Since buying out P & L Construction more than a decade ago, he has watched it expand into another office in Bremerton. In the past year the company has earned between $25 and $30 million in contracts.

Wallin and his wife, Gayle, who is in the RN program, raised four children and have stepped back into the parenting role after adopting two grandchildren.

Neither candidate is vying for the North Whidbey position, that Barbara Saugen will vacate, with any agendas or coups in mind.

“I think the board has done a credible, competent job,” Speir said. “I don’t see anything that’s derailed or that’s about to.”

“I’m not going to come in with any biases,” Wallin similarly said.

Speir said he has grown to love the hospital and was approached by Dr. Roger Case, president of the board of commissioners. Ensuing discussions with Saugen also helped in making the decision to run.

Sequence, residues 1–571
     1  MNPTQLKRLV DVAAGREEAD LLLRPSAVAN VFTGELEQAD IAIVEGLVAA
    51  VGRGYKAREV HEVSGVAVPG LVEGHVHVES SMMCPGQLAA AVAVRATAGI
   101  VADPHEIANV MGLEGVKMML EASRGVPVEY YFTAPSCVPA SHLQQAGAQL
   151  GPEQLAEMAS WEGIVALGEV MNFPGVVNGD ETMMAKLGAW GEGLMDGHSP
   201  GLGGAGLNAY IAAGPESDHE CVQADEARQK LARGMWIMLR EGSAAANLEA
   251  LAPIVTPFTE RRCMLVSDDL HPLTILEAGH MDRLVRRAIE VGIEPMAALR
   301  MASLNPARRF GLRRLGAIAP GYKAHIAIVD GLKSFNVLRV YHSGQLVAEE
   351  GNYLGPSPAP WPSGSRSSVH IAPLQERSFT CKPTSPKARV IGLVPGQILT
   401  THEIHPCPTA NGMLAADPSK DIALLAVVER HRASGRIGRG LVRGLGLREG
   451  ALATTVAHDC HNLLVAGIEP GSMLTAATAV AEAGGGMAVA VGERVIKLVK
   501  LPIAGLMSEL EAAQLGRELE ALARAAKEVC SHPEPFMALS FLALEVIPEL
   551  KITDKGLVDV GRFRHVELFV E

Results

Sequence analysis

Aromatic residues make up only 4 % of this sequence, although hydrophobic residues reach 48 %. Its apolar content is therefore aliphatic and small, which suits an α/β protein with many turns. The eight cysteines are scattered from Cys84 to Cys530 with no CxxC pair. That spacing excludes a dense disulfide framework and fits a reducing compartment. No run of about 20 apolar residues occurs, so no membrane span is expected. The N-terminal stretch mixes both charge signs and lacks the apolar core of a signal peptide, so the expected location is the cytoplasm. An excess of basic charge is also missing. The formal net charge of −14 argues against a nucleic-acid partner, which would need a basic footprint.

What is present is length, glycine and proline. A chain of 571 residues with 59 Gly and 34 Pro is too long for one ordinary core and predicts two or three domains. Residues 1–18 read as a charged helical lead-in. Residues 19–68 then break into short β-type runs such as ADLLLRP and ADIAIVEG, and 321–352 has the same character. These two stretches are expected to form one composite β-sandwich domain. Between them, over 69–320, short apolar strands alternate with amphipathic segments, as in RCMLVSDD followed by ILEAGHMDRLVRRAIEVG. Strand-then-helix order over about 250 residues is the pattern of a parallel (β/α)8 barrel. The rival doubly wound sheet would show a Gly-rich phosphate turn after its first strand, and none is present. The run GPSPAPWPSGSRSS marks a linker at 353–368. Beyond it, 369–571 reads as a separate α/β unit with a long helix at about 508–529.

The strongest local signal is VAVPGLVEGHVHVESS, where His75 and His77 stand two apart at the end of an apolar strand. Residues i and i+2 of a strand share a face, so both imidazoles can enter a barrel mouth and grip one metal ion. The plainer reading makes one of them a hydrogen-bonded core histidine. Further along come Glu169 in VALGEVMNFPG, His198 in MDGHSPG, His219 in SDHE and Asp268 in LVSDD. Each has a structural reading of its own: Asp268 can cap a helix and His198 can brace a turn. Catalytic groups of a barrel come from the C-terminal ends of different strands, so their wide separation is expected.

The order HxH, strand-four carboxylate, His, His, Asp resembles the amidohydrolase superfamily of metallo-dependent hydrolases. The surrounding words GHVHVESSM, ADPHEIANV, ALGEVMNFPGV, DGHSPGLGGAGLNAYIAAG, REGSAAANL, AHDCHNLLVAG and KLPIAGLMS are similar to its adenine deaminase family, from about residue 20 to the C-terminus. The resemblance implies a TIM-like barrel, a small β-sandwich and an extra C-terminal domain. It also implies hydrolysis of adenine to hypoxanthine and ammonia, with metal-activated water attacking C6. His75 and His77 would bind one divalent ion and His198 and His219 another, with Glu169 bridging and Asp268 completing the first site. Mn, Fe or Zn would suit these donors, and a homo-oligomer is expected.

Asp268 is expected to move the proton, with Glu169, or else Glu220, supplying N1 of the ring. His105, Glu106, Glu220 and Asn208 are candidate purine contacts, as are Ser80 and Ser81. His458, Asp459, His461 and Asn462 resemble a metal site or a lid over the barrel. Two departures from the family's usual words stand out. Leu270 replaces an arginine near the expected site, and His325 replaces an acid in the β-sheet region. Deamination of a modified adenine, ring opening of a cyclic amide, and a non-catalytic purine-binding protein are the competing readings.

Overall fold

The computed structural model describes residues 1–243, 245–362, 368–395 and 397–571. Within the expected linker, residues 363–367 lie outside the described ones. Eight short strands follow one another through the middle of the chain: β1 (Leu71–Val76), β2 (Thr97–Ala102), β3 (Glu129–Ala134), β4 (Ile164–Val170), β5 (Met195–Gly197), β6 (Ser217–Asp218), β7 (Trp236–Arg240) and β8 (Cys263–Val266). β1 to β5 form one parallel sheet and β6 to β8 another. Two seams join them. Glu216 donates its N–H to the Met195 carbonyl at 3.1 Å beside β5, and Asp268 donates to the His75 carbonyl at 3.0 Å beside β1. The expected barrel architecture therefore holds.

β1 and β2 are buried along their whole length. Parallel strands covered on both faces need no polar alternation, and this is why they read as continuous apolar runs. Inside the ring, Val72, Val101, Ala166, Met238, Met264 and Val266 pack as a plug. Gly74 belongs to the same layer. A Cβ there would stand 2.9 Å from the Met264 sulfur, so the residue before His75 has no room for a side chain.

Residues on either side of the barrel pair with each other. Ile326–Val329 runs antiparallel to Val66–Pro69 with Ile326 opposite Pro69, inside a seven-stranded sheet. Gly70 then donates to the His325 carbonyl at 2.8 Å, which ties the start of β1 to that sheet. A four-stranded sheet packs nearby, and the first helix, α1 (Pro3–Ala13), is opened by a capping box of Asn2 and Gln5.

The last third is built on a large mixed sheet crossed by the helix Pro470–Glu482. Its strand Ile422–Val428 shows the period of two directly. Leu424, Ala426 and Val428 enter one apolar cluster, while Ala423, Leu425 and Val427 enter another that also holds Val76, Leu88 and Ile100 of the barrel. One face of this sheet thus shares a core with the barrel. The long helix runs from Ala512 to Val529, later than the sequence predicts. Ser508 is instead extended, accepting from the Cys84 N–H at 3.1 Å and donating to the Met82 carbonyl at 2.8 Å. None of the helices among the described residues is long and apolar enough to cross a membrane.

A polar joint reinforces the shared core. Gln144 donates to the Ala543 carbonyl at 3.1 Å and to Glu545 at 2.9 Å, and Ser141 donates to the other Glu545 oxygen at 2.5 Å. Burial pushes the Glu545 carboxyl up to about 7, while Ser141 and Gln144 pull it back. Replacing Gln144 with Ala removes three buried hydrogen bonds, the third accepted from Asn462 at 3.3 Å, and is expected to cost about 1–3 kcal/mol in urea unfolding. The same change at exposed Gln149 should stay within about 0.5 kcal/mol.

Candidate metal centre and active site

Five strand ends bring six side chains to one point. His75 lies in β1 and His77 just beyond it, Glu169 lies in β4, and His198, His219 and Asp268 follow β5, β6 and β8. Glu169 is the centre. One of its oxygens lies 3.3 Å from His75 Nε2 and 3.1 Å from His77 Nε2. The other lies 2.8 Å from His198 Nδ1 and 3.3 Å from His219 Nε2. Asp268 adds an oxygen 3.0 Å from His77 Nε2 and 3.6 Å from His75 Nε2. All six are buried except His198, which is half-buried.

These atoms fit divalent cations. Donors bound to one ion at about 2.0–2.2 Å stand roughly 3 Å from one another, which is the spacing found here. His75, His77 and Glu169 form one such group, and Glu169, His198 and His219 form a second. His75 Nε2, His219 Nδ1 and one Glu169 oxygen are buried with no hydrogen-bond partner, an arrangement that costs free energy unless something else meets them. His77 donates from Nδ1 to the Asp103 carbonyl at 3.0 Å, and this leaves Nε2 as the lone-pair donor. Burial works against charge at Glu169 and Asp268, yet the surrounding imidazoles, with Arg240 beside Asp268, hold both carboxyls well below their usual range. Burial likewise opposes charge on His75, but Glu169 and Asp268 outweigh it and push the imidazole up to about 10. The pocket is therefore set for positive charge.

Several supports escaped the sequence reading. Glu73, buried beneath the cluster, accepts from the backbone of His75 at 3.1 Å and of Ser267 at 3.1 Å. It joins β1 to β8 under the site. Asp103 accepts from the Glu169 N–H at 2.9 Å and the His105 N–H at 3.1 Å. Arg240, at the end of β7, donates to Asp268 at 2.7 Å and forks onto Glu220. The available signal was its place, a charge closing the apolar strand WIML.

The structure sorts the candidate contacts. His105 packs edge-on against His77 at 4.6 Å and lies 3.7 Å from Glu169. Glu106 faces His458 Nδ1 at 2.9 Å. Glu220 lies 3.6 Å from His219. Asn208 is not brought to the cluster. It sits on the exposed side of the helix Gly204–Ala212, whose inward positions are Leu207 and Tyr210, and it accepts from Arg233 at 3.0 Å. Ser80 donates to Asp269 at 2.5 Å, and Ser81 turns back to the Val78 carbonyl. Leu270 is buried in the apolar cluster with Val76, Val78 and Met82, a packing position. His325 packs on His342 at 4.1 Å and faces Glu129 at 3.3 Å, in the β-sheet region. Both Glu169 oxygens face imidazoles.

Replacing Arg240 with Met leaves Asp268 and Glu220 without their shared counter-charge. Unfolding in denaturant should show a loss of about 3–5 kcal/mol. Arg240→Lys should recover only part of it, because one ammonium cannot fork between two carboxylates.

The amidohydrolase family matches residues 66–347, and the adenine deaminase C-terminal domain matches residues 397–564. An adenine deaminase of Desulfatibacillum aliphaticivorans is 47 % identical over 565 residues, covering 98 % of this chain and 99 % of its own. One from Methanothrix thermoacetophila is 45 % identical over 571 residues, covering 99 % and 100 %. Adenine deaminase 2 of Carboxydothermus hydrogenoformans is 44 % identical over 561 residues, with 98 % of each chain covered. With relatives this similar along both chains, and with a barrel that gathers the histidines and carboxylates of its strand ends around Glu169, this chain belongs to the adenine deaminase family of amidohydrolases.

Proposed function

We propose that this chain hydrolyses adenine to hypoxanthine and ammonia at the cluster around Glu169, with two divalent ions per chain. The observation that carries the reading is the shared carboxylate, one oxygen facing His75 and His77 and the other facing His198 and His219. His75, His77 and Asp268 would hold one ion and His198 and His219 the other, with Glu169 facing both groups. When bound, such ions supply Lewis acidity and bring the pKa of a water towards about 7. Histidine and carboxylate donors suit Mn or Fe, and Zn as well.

“I met several times with Barbara and she whetted my appetite for the opportunity and the adventure,” he said. “I think I have the experience, the expertise and the commitment to make a difference.”

Wallin has literally watched the hospital develop from its infancy. Part of the impetus to run was his desire to see Whidbey General’s reputation built up to the level he remembers.

“It’s the only hospital on the island,” he said. “To me it’s like we have to build it back up to what it used to be. It used to be the premier place here. You watch a lot of people going off the island. You need to examine why people are leaving the island, re-look at the basics.”

Speir agreed that the hospital needs to engage and reengage patients in correspondence to ascertain why people leave the island for hospital services available locally.